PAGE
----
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You’ve probably heard by now that Amazon bought Whole Foods. The latter’s shareholders recently approved the transaction, and assuming regulators sign off on the deal, the creators of Man in the High Castle and the sellers of the Squatty Potty will now be joining you at the dinner table. Bon appetite :)

On the one hand, the deal is expected to make shopping at Whole Foods more affordable. Awesome! Consumers are already seeing markdowns on several food items including butter, bananas, and eggs. But there’s one nagging question out there that looms large: where would that money otherwise have gone? To the farmers? To its employees? And how will Amazon’s takeover impact the quality of food and the values that Whole Foods has stood by all these years?

At Allergy Amulet, we care about food quality and a healthy work environment. We also care about high-quality food being accessible and affordable to everyone! So naturally, we’ve been following this deal closely. 

According to Jeff Wilke, CEO of Amazon’s worldwide consumer business, “[e]verybody should be able to eat Whole Foods Market quality—we will lower prices without compromising Whole Foods Market’s long-held commitment to the highest standards.” That’s all well and good, but there’s one problem with that statement: the inverse relationship between quality and quantity.

California’s first organic strawberry farmer, Jim Cochran, confronted this dilemma at his farm. To satisfy increasing demand for his strawberries at Whole Foods, Jim expanded his farm from four to 24 aces. Recognizing the problem between increased yield and berry quality, he scaled back to 12 acres to focus on quality over quantity.

Is it possible to produce high-quality strawberries on a massive scale?

Here’s an interesting fact: Americans spend less on food than people in any other country in the world. Indeed, most countries spend over 10 percent of their incomes on food, whereas Americans spend closer to 6%. Why is our food so cheap?

As Michael Pollan points out in Omnivores Dilemma, food is cheap because the true costs have been externalized—we still pay them, but instead of paying at the register, we pay in the form of rising obesity rates, cheap labor, and lax environmental and safety regulations. Consider too that between 1995 and 2010, the American taxpayers gave the agriculture industry roughly $262 billion in subsidies. This begs the question: is our food really that cheap?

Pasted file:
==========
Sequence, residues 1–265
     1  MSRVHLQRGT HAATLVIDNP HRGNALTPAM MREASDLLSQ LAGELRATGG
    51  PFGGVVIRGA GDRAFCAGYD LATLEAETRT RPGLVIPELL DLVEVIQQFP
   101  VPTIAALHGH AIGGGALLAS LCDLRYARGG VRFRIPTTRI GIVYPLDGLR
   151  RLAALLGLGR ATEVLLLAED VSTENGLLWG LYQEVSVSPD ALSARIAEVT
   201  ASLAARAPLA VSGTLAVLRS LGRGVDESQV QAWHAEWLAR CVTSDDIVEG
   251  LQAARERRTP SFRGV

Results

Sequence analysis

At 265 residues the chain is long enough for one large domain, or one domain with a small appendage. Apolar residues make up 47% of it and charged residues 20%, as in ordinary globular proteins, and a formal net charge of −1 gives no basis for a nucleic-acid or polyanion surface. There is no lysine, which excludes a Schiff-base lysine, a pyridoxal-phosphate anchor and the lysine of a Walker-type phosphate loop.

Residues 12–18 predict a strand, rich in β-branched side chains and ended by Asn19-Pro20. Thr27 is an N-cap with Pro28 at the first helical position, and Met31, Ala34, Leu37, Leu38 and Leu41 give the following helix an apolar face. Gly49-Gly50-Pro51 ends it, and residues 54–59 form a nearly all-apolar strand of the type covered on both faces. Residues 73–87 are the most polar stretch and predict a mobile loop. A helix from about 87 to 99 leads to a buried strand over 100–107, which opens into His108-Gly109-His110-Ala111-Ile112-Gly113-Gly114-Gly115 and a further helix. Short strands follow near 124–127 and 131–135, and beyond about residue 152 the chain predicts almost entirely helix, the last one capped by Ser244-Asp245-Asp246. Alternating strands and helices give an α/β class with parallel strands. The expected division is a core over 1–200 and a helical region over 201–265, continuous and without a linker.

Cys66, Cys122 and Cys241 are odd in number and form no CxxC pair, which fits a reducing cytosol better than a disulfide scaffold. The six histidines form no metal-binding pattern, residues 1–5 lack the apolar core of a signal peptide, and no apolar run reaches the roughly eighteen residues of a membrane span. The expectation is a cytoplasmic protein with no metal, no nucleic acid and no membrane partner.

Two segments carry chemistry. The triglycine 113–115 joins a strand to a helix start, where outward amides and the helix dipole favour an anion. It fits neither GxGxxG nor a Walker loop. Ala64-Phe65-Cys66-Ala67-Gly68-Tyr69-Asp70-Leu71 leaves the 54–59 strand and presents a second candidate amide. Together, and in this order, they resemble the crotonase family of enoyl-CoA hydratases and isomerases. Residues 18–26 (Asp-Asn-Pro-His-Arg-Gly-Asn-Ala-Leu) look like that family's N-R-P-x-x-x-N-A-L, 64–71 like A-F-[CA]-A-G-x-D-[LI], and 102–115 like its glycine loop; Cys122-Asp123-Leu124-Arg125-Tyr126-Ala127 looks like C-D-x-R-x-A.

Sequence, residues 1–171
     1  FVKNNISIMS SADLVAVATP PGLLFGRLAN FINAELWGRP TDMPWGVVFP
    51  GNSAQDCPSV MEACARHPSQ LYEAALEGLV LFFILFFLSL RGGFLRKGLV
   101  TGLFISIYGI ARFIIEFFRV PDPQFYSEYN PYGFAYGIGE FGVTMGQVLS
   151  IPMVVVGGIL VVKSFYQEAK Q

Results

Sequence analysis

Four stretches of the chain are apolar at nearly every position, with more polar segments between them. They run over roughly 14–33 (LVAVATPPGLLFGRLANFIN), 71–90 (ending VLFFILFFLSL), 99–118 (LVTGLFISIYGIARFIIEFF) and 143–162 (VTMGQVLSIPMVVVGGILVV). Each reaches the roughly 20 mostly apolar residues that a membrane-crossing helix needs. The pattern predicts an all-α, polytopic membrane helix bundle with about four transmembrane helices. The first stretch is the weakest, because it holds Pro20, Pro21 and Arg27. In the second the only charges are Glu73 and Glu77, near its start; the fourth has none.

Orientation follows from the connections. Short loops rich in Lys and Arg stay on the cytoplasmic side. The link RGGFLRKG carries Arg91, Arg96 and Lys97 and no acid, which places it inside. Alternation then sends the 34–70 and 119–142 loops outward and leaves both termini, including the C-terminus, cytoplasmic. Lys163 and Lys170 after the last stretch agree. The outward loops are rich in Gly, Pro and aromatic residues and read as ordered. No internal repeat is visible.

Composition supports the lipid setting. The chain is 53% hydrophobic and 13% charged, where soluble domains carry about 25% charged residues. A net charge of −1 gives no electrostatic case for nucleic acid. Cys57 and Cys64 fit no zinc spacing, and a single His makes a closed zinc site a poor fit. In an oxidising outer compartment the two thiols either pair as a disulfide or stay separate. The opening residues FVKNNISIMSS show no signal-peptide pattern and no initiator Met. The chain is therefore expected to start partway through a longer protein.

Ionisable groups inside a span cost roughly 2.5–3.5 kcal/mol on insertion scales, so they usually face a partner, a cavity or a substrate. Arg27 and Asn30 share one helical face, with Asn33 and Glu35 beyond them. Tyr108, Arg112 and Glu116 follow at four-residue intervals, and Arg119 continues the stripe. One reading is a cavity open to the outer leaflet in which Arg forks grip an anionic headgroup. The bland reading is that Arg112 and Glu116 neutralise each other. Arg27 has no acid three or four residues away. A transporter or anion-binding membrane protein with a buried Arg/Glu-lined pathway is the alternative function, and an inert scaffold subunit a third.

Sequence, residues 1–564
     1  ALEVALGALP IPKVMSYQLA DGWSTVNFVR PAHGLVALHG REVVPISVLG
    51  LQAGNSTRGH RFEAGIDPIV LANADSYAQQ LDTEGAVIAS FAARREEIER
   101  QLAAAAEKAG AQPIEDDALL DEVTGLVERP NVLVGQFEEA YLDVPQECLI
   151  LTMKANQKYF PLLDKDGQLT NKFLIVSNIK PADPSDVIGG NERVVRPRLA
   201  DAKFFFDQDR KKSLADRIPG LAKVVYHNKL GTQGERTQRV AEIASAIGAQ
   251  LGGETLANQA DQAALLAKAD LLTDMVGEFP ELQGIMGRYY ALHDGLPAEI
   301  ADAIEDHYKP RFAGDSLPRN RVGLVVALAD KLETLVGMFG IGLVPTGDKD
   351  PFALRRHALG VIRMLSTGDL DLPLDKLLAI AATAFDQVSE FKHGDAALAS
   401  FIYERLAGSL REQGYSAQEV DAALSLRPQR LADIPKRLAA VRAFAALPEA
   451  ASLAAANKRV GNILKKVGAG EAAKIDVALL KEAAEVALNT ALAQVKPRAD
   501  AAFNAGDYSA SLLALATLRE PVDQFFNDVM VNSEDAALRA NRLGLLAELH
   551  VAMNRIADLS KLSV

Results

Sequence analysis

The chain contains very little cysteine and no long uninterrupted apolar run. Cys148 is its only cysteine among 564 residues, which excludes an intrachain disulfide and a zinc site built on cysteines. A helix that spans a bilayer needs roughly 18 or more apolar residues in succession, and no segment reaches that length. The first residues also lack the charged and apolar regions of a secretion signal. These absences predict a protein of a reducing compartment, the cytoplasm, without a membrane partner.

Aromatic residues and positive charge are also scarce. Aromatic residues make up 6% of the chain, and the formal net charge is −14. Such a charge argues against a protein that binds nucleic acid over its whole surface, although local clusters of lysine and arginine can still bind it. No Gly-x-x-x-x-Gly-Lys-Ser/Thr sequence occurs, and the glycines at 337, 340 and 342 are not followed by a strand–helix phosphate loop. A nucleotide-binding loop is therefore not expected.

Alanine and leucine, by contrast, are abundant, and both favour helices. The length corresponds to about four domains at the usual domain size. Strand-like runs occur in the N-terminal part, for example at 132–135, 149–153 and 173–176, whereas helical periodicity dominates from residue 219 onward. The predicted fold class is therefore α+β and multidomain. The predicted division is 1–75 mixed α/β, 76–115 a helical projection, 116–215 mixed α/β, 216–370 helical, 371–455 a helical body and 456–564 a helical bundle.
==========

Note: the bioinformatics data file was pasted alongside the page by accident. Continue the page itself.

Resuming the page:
Let’s say Amazon decides not to compromise on quality: who then is getting the short end of the stick with the lower price tag? There is some concern that the Whole Foods culture and workplace environment will soon change with Amazon in charge. After all, Whole Foods salaries average around $18 an hour, whereas Amazon pays on average $12 an hour (a figure below the national average). Amazon also has a reputation for grueling work conditions at its warehouses, and reports of intense surveillance and monitoring of its employees—another cause for concern.

At Allergy Amulet, our work lies at the intersection of food and health. We care about food quality and safety; we also appreciate that good food often costs more, and is not accessible to many Americans. For this reason, the conversation around food quality is an important one. Everyone deserves high-quality, nutritious food, but the question stands: how do we make that food affordable to everyone without compromising on quality or forfeiting the values underpinning good food like well-paid farmers, safe working conditions, humane animal treatment, and sustainable farming practices?

Hopefully, Amazon has the answer.

- Abi and the Allergy Amulet Team

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